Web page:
ITV 50 Years of Fame: Private view - Pepsi

The first thing that springs to mind as I watch Pepsi's 1989 "Madonna" commercial is "branded content" (2). A clumsy name for something that headlines too many press articles, brainstorms and media conferences right now.

It proves the point that we are all in the business of re-invention in many ways. Okay, it's the long version of the commercial, and it is a great piece of entertainment. Set to Like a Prayer and shot in black and white, the film tells the story of Madonna as a small child making a wish and fulfilling her dreams to be a pop princess.

The story is told in synch with the music, with coloured snap shots of Pepsi signage, bottles and cans interwoven with the storyline. There is no product news, the only overt brand message being the end frame. It's entertainment, advertising and great TV all at once and no doubt it worked at the time.

Pepsi has a long history of using celebrities in its advertising and clearly it works for the brand. In 1997, it returned to female pop icons, using the Spice Girls for its Generation Next campaign (3). As with Madonna in 1989, it used a property at the height of its appeal among the people that Pepsi wanted to connect with, in this instance the "girl power" generation.

In the intervening years, we had the Pepsi taste challenge, cleverly shot real-people observation, tackling the choice issue directly and the launch commercial for Pepsi Max, "cliff jump" (1). This is the commercial that I spontaneously remember, so it certainly did a job for me. It was a clear message, a sugar free version of the product that was overtly macho male in stark contrast to the opposition's "Diet Coke break", which was for the girls.

The 2002 football World Cup execution "sumo" dialled up Pepsi's association with footballing heroes across the world, and not least David Beckham (4). An amusing story about how a group of local lads (sumo wrestlers) put the flash football stars in their place, the relevance made it work extremely well in communication terms.

By now we were in a multimedia, digital world and the idea worked well as it was expanded into an interactive TV game and further in off-screen activities.

Last year, Pepsi returned to promoting the Pepsi Max brand with "can fu" (5) and this year with "glueboy" (6). Irreverent young-male-targeted executions played on the gaming generation's take on life. They work well as pieces of entertainment, without hiding the "no sugar" product message.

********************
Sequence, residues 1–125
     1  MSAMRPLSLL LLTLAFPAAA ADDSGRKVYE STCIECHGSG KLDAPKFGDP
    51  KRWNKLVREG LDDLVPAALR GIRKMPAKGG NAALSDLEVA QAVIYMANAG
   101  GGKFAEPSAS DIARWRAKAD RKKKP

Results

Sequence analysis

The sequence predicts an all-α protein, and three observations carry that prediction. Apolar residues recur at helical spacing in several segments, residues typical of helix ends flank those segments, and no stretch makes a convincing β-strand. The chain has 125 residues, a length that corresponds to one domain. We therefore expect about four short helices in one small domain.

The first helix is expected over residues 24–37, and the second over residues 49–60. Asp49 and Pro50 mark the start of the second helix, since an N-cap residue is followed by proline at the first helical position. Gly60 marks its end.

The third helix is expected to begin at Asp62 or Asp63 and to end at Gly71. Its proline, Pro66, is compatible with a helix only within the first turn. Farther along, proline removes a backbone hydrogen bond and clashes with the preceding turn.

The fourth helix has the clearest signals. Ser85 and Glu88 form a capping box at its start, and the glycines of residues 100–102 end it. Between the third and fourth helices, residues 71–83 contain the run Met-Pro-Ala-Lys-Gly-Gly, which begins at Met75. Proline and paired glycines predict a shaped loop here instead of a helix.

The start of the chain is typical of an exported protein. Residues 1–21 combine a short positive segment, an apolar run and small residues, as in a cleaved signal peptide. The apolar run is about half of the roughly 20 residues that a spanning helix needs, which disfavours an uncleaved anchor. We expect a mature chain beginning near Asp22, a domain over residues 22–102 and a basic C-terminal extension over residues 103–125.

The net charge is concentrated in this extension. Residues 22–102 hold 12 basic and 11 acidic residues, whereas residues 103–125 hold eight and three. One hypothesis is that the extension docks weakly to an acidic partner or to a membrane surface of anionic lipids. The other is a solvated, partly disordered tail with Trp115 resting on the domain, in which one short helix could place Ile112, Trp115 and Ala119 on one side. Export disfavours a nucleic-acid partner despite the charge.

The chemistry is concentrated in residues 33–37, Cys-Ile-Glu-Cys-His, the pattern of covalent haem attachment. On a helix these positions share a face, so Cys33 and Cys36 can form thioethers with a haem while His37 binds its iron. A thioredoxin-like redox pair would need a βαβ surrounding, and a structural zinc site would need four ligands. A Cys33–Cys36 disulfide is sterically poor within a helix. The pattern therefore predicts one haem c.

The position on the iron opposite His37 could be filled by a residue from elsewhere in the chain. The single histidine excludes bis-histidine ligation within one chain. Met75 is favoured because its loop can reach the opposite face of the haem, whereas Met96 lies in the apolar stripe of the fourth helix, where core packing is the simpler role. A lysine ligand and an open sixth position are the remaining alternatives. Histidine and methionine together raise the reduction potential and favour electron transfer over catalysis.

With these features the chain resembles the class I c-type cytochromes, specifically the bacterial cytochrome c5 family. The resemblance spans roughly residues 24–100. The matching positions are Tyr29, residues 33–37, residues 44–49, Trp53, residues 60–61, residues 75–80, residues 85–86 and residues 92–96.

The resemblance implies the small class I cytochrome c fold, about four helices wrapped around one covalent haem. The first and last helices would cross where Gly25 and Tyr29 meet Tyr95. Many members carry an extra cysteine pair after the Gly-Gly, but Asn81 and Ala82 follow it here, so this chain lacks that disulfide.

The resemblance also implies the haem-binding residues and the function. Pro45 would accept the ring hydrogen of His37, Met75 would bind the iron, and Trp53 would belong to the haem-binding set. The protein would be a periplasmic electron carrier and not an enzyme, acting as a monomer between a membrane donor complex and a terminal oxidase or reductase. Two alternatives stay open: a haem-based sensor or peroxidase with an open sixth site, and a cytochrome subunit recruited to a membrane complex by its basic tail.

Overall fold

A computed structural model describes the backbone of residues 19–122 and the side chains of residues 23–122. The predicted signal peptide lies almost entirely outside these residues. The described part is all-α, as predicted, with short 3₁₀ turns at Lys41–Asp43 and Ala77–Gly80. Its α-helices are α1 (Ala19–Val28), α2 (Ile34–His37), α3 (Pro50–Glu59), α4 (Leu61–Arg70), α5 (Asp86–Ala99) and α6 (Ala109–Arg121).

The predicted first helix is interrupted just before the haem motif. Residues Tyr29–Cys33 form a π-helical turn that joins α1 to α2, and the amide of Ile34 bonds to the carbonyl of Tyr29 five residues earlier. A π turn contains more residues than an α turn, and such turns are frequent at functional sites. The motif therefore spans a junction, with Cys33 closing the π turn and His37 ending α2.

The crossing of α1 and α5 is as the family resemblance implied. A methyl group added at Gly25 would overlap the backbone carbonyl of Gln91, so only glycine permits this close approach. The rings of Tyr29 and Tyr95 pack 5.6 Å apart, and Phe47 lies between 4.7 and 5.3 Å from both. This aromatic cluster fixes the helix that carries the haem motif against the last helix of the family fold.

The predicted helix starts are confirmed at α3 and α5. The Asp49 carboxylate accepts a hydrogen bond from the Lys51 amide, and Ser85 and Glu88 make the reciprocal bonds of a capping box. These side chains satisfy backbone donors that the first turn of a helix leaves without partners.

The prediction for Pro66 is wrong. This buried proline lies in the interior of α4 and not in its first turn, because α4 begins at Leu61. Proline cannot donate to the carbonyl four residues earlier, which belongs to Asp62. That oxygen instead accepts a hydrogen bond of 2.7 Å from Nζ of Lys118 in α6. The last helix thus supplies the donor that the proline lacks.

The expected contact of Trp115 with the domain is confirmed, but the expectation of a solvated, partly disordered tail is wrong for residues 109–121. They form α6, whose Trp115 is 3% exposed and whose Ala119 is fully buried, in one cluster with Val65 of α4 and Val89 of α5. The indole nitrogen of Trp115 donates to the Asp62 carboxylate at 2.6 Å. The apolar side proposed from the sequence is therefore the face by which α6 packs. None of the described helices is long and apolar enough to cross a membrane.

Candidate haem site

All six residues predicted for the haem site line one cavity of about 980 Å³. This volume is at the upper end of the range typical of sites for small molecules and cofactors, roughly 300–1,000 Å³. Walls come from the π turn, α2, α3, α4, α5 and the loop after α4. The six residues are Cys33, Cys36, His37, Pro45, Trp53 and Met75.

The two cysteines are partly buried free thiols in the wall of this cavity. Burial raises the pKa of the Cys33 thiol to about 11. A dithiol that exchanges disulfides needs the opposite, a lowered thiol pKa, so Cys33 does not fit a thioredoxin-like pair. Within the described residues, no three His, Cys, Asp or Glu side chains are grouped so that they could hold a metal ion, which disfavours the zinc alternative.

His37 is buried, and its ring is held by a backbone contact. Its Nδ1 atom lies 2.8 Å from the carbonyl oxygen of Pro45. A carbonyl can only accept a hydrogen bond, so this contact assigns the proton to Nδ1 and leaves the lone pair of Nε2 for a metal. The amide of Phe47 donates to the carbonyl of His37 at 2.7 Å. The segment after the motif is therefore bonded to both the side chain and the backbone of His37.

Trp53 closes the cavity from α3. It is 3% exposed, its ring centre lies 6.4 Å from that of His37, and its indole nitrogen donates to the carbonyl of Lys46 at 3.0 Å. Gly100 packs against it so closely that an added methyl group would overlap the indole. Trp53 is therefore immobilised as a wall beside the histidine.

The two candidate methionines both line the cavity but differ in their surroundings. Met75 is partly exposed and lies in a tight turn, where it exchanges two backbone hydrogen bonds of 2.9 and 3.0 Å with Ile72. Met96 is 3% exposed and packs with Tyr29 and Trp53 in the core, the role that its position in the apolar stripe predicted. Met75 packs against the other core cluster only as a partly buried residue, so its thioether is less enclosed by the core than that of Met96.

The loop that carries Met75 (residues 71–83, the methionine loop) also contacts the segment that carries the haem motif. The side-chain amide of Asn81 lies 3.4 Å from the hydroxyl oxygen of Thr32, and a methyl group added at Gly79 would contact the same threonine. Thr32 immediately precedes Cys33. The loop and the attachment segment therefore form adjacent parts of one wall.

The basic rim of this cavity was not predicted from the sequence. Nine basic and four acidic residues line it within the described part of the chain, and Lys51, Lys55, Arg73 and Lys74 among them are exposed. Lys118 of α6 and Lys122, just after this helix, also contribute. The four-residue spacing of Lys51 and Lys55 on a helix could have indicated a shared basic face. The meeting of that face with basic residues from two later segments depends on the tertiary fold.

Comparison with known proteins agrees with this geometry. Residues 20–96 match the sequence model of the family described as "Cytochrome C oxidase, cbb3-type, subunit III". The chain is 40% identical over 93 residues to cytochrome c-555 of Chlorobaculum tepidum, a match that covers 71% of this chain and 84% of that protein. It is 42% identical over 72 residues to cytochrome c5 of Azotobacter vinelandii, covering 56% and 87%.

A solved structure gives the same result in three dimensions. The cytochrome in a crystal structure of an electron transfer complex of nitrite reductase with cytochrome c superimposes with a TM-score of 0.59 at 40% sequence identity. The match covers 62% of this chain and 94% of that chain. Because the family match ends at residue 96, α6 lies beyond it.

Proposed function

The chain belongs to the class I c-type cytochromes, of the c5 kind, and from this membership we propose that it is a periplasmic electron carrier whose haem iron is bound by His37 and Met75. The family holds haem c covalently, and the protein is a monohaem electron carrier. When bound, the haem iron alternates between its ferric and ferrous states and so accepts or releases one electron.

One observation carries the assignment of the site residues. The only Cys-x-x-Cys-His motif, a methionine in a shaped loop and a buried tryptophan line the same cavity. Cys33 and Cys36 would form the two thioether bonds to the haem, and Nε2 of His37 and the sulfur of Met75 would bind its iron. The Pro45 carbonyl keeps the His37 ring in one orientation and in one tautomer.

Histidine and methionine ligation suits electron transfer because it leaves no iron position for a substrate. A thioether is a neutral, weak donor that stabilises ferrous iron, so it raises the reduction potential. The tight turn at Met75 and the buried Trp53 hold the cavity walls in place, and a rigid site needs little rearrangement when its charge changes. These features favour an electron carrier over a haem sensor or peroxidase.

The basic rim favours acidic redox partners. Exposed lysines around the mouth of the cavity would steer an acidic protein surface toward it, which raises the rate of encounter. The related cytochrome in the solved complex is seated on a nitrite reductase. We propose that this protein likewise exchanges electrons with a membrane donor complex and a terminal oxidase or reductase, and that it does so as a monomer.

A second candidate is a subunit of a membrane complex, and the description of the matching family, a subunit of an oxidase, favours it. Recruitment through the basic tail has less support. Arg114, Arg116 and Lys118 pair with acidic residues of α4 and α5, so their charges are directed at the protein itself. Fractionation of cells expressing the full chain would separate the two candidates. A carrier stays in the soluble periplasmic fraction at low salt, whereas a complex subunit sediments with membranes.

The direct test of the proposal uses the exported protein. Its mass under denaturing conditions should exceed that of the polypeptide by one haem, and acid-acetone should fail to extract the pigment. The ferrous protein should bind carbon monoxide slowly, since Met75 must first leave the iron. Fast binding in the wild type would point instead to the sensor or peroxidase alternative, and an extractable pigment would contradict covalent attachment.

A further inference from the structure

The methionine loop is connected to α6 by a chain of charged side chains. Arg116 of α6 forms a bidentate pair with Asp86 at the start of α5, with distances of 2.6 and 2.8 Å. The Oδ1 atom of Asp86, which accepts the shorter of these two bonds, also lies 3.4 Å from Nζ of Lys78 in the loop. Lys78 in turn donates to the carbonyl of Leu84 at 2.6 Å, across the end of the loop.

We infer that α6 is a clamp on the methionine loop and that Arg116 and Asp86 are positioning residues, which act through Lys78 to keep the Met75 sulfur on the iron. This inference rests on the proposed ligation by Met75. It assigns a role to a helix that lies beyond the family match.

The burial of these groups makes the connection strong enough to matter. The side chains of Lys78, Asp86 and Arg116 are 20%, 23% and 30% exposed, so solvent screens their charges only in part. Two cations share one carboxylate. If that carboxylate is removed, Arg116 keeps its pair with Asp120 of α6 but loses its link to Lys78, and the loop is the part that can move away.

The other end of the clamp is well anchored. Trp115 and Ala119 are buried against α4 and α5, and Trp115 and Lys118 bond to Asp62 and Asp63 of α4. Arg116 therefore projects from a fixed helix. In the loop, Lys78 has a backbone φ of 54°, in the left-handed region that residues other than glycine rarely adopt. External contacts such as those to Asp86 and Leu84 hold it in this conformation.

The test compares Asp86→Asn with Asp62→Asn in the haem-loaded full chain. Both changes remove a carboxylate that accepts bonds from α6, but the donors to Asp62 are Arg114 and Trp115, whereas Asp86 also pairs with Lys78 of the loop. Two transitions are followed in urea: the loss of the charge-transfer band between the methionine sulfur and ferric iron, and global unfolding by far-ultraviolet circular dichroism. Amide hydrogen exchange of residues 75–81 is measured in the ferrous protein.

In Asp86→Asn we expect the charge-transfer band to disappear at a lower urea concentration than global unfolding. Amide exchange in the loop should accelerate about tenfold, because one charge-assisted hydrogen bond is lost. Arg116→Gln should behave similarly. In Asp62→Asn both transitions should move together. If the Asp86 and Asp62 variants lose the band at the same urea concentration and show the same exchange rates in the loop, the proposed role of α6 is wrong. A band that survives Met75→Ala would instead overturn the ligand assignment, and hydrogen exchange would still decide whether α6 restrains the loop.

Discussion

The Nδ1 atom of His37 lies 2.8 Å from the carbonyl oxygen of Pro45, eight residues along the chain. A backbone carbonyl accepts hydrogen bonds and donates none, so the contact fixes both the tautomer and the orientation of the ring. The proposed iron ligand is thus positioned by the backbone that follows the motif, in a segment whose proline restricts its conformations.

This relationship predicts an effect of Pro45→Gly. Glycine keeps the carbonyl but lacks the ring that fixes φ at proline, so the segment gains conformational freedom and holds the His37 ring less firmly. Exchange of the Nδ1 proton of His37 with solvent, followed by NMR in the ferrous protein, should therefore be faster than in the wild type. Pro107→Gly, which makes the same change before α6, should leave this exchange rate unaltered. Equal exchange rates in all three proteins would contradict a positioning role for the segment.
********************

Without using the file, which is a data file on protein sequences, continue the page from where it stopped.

Famous, celebrity-led TV advertising clearly works for Pepsi and I believe will continue to do so for brands that are as widely available and frequently consumed. ITV's own Values of Fame research shows that Pepsi scores particularly well on "connection" (how much do people like you) and "familiarity" (personal knowledge) and I would expect to see more of the strategy. That said, Pepsi's main brand gets the balance of brand and product message right relative to celebrity, with the Pepsi Max commercials providing an attractive contrast to the main brand message.

The figures bear this out as Pepsi's fame rating is towards the top of the ranking in ITV's research, higher than David Beckham himself.

By getting the right mix of entertainment and brand message across its portfolio, Pepsi has achieved the all-important goal of the brand being the message that carries through consistently. Pepsi delivers smart marketing and great entertainment.

1. PEPSI MAX Title: Cliff jump Agency: BBDO Year: 1993 2. PEPSI Title: Madonna Agency: BBDO Year: 1989 3. PEPSI Title: Spice Girls Agency: BBDO Year: 1997 4. PEPSI Title: Sumo Agency: BBDO Year: 2002 5. PEPSI MAX Title: Can fu Agency: BBDO Year: 2004 6. PEPSI MAX Title: Glueboy Agency: BBDO Year: 2005

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